Border Gateway Protocol - BGP

BGP is the routing protocol that runs the Internet. It manages how packets get routed from network to network by exchanging routing and reachability information.

BGP is an increasingly popular protocol for use in the data center as it lends itself well to the rich interconnections in a Clos topology. RFC 7938 provides further details about using BGP in the data center.

How Does BGP Work?

BGP directs packets between autonomous systems (AS), which are a set of routers under a common administration. Each router maintains a routing table that controls how the switch forwards packets. The BGP process on the router generates information in the routing table based on information coming from other routers and from information in the BGP routing information base (RIB). The RIB is a database that stores routes and continually updates the routing table as changes occur.

Autonomous System

BGP treats each independently managed enterprise and service provider as an autonomous system, responsible for a set of network addresses. Each such autonomous system has a unique number called an autonomous system number (ASN). A central authority (ICANN) hands out ASNs but numbers between 64512 and 65535 are for private use. When you use BGP within the data center, you must either use this number space or the single ASN you own.

The ASN is central to how BGP builds a forwarding topology. A BGP route advertisement carries with it not only the ASN of the originator, but also the list of ASNs that this route advertisement passes through. When forwarding a route advertisement, a BGP speaker adds itself to this list. The AS path includes the list of ASNs. BGP uses the AS path to detect and avoid loops.

FRRouting supports both 16-bit and 32-bit ASNs.

Auto BGP

In a two-tier leaf and spine environment, you can use auto BGP to generate 32-bit ASNs automatically so that you do not have to think about which numbers to configure. Auto BGP helps build optimal ASN configurations in your data center to avoid suboptimal routing and path hunting, which occurs when you assign the wrong spine ASNs. Auto BGP makes no changes to standard BGP behavior or configuration.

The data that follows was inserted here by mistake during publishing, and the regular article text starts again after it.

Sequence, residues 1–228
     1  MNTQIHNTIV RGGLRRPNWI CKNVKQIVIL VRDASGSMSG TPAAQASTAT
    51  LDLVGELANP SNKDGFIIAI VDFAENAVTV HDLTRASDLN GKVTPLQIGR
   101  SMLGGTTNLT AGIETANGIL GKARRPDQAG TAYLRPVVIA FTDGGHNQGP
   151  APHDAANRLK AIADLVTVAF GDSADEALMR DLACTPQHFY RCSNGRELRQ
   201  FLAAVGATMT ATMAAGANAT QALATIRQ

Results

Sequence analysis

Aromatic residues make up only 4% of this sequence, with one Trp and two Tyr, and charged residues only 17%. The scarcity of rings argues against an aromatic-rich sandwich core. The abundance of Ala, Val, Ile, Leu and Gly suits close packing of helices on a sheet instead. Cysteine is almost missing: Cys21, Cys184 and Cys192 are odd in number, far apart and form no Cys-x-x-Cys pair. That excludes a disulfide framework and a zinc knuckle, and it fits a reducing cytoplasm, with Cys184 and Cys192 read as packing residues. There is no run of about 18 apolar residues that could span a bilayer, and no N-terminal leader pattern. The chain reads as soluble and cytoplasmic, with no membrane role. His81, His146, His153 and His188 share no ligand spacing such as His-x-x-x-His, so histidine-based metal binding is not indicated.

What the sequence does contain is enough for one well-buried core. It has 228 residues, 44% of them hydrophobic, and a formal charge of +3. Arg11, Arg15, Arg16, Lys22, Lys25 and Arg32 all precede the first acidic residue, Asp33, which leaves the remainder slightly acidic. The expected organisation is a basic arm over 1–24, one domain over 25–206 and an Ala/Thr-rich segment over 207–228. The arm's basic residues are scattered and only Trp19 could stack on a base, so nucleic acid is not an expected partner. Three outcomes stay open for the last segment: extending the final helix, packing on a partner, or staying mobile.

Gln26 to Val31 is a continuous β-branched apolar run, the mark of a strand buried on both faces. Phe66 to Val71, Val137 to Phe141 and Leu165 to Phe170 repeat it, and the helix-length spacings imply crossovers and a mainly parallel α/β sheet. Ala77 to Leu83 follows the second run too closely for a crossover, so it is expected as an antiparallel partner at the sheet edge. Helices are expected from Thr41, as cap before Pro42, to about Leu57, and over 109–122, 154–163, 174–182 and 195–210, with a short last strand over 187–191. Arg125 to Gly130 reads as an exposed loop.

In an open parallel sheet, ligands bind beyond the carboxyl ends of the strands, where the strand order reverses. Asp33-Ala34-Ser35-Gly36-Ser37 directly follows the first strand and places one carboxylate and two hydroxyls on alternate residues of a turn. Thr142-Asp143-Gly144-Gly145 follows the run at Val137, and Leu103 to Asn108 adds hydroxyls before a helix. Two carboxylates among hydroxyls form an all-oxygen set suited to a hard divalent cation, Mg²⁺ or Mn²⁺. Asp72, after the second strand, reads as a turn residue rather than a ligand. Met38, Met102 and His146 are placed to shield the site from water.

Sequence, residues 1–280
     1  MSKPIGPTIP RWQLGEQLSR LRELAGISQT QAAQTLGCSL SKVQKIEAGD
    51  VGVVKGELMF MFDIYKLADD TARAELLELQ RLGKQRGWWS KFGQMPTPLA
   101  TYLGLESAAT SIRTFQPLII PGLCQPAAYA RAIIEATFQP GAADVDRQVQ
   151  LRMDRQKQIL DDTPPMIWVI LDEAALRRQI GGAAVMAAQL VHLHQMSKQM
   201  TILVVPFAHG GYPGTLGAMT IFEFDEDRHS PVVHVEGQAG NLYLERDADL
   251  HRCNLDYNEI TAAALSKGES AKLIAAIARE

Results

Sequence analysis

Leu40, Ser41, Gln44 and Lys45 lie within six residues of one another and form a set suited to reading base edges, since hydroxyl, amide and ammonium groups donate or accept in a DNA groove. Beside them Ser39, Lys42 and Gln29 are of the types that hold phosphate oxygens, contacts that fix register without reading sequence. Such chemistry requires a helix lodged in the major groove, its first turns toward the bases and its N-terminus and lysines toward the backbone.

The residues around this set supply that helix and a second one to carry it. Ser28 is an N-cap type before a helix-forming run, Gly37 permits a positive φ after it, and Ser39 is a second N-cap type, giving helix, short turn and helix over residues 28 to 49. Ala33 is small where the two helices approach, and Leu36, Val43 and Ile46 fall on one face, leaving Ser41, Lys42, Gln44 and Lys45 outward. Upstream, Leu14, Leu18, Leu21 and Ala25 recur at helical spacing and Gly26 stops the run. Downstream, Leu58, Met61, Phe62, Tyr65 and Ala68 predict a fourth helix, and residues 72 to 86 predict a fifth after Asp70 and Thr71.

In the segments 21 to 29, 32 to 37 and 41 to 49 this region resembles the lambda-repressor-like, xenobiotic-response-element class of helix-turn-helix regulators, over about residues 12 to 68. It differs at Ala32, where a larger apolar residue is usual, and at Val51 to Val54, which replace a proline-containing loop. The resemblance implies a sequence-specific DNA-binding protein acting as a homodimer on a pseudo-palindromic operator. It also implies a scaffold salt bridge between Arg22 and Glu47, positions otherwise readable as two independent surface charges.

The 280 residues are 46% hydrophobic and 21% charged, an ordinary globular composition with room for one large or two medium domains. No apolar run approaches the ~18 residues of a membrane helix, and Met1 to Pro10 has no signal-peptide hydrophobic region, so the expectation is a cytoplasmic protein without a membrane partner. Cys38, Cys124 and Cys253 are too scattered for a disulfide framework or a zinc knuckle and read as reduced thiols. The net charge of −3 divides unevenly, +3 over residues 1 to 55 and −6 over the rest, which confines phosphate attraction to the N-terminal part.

Auto BGP assigns private ASNs in the range 4200000000 through 4294967294. This is the private space that RFC 6996 defines. Each leaf has a random and unique value in the range 4200000001 through 4294967294. Each spine has the value 4200000000; the first number in the range. For information about configuring auto BGP, refer to Basic BGP Configuration.

  • Use auto BGP in new deployments to avoid conflicting ASNs in an existing configuration.
  • It is not necessary to use auto BGP across all switches in your configuration. For example, you can use auto BGP to configure one switch but set ASNs manually to other switches.
  • USe auto BGP in two-tier spine and leaf networks. Using auto BGP in three-tier networks with super spines can result in incorrect ASN assignments.
  • The leaf keyword generates the ASN based on a hash of the switch MAC address. The ASN assigned can change after a switch replacement.
  • You can configure auto BGP with NCLU or NVUE.

eBGP and iBGP

When you use BGP to peer between autonomous systems, the peering is external BGP or eBGP. When you use BGP within an autonomous system, the peering is internal BGP or iBGP. eBGP peers have different ASNs while iBGP peers have the same ASN.

The heart of the protocol is the same when used as eBGP or iBGP but there is a key difference in the protocol behavior between eBGP and iBGP. To prevent loops, an iBGP speaker does not forward routing information learned from one iBGP peer to another iBGP peer. eBGP prevents loops using the AS_Path attribute.

You need to peer all iBGP speakers with each other in a full mesh. In a large network, this requirement can become unscalable. The most popular method to scale iBGP networks is to introduce a route reflector.

BGP Path Selection

BGP is a path-vector routing algorithm that does not rely on a single routing metric to determine the lowest cost route, unlike interior gateway protocols (IGPs) like OSPF.

The BGP path selection algorithm looks at multiple factors to determine which path is best. Cumulus Linux enables BGP multipath by default so that multiple equal cost routes install in the routing table but only a single route advertises to BGP peers.

The order of the BGP algorithm process is as follows:

  • Highest Weight: Weight is a value from 0 to 65535. BGP does not carry the weight in an update but uses it locally to influence the best path selection. Locally generated routes have a weight of 32768.